Overcommit is a feature of the hypervisor that allows virtual machines to be allocated more resources than they have on the physical server. The concept is closely related to the term overprovisioning. Initially there is overprovisioning (allocating more resources than available) and only then overcommit (using more resources than available).
CPU overcommit is using more CPU resources than are available.
Correct operation at high CPU overcommit rates is the basis for cost-effective virtualization solutions in the software-defined computing layer. The technology helps reduce costs per virtual machine by dynamically reallocating power. Reallocating free CPU cycles helps increase resources and allows more virtual machines to be scheduled than would be available without correct CPU overcommit conditions. CPU overcommit is especially valuable for workloads where peak bursts alternate with periods of slack.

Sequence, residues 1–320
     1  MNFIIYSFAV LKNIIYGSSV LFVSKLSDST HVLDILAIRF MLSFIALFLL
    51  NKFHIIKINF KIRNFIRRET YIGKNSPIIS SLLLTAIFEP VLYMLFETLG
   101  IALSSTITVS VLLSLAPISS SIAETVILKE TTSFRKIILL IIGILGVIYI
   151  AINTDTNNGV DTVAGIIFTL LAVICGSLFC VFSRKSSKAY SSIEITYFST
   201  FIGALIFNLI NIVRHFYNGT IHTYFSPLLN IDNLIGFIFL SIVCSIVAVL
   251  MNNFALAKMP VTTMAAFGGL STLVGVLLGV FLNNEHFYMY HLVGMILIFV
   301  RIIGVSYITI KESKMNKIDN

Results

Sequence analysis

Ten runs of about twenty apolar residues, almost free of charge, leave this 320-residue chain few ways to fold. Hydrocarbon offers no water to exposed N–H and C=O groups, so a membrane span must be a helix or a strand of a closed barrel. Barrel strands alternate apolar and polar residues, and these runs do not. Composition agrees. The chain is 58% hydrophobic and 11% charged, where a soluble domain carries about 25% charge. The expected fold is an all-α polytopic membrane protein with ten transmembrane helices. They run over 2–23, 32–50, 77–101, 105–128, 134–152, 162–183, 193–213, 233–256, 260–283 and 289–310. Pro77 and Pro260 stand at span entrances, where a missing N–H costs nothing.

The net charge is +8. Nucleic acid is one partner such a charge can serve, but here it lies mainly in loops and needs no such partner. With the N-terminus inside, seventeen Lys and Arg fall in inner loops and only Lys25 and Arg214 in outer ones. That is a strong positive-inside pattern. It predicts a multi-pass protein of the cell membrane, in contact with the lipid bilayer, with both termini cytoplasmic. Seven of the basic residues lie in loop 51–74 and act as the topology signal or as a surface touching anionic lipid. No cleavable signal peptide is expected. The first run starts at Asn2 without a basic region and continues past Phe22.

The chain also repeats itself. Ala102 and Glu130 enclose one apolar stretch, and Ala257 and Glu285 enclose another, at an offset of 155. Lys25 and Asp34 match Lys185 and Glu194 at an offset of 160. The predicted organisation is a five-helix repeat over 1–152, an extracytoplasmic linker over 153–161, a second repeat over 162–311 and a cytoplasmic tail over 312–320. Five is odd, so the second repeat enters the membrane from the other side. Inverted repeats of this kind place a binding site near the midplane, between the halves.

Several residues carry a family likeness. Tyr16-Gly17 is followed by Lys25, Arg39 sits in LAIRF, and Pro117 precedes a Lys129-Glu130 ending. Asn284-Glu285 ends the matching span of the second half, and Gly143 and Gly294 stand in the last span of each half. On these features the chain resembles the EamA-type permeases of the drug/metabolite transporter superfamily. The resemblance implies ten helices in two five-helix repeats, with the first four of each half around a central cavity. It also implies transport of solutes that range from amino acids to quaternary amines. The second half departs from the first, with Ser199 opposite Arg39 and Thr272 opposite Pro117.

High CPU overcommit is the reason for the high cost efficiency in the SDC layer.
MEMORY overcommit is an overcommit memory allocation.
It allows virtual machines to be allocated more memory than they have on the physical server. This is achieved by the fact that virtual machines do not always use all of the memory assigned to them. The disadvantage of MEMORY overcommit is in the form of a swap file, the latency of access to which is orders of magnitude higher than to memory, which can cause a drastic performance degradation with an extremely negative effect on the guest operating system.